Lords Spiritual (Women) Act 2015

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Lords Spiritual (Women) Act 2015
Long titleAn Act to make time-limited provision for vacancies among the Lords Spiritual to be filled by bishops who are women.
Citation2015 c. 18
Introduced byNick Clegg, Deputy Prime Minister of the United Kingdom (Commons)
Lord Faulks, Minister of State for Civil Justice and Legal Policy (Lords)
Territorial extent United Kingdom
Royal assent26 March 2015
Commencement18 May 2015
Status: Current legislation
History of passage through Parliament
Text of statute as originally enacted

The Lords Spiritual (Women) Act 2015 is an Act of Parliament of the United Kingdom. It stipulates that whenever a vacancy arises among the Lords Spiritual during the next ten years after the Act comes into force, the position has to be filled by a woman, if there is one who is eligible. In this case, the Act supersedes section 5 of the Bishoprics Act 1878, which would otherwise require "the issue of a writ of summons to that bishop of a see in England who having been longest bishop of a see in England has not previously become entitled to such writ".[1] It does not apply to the five sees of Canterbury, York, London, Durham or Winchester, which are always represented in the House of Lords.

The Act was passed half a year after the Bishops and Priests (Consecration and Ordination of Women) Measure 2014 authorised the Church of England to appoint women as bishops.[2]

The Act in practice[edit]

The first female diocesan bishop, and thus the first female Lord Spiritual due to this Act, was Rachel Treweek in 2015.[3] Consecrated Bishop of Gloucester on 22 July 2015[4] and enthroned on 19 September 2015,[5] she joined the Lords on 7 September 2015 with the full title The Rt Rev. the Lord Bishop of Gloucester,[6] and was introduced to the House by the Archbishop of Canterbury and the Bishop of London on 26 October 2015.[7] She made her maiden speech on 7 March 2016.[8]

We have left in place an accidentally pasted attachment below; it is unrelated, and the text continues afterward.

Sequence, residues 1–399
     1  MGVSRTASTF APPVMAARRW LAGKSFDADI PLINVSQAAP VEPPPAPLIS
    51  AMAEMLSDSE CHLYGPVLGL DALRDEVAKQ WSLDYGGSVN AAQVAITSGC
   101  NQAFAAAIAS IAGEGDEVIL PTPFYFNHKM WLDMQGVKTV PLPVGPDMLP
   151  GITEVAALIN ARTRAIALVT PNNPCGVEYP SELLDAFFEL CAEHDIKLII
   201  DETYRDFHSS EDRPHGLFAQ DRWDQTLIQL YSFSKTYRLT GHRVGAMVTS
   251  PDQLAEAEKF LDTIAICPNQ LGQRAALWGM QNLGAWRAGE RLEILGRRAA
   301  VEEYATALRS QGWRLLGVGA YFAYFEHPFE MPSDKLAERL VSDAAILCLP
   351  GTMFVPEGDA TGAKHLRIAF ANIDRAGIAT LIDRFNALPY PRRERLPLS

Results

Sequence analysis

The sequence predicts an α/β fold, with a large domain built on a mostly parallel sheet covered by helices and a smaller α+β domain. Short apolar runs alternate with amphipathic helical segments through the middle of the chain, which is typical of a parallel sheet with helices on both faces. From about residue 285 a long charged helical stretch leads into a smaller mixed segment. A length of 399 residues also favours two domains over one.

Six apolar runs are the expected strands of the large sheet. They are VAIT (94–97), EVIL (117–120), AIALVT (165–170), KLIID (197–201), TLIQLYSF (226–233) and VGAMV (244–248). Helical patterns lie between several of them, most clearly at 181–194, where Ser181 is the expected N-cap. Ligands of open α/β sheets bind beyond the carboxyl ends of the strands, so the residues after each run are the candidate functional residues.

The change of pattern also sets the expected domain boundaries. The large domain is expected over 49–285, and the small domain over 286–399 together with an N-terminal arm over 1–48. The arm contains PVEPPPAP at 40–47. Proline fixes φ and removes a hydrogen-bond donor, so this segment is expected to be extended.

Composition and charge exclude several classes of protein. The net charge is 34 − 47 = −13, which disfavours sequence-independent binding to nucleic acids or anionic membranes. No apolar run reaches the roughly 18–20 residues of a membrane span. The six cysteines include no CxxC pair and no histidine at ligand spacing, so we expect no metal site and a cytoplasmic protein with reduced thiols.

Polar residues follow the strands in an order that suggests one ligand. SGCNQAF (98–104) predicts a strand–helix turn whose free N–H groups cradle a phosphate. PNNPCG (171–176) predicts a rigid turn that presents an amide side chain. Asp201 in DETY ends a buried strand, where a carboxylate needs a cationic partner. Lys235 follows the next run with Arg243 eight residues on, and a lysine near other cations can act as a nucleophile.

Since then, Christine Hardman (2016), Viv Faull (2018), Libby Lane (2019) and Guli Francis-Dehqani (2021) have also entered the Lords due to this Act shortly after becoming diocesan bishops. Therefore 5 out of 14 vacant Lords positions occurring in the first 7 years of the Act (as of July 2022) have been filled by women. Without the Act, Treweek and Hardman would only have become Lords Spiritual in late 2021.

In addition (and independently of the Act), Sarah Mullally entered the Lords ex officio when appointed Bishop of London in 2018.

See also[edit]


  1. ^ Section 5 of the Bishoprics Act 1878 at the National Archives website. (Retrieved 1 November 2021.)
  2. ^ "Bishops and Priests (Consecration and Ordination of Women) Measure 2014". legislation.gov.uk. 23 October 2014. Retrieved 28 March 2015.
  3. ^ "Gloucester bishop Rachel Treweek to take seat in Lords". BBC News. 26 October 2015. Retrieved 5 November 2016.
  4. ^ "Most senior woman bishop consecrated in Canterbury service". BBC News. 22 July 2015. Retrieved 5 November 2016.
  5. ^ "Rachel Treweek begins role as Bishop of Gloucester". BBC News. 19 September 2015. Retrieved 5 November 2016.
  6. ^ "Bishop of Gloucester". UK Parliament. Retrieved 5 November 2016.
  7. ^ "House of Lords introduction - Bishop Rachel Treweek". The Archbishop of Canterbury. Retrieved 5 November 2016.
  8. ^ "Bishop of Gloucester makes House of Lords gender equality speech". BBC News. 8 March 2016. Retrieved 5 November 2016.